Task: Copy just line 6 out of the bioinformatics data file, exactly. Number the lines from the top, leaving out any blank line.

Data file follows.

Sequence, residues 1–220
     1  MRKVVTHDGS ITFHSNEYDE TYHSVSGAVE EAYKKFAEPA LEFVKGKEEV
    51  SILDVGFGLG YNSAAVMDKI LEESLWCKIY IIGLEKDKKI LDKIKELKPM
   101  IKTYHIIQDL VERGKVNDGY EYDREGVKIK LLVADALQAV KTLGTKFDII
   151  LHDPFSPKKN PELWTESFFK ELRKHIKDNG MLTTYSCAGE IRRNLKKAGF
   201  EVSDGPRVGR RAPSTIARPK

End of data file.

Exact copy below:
   201  EVSDGPRVGR RAPSTIARPK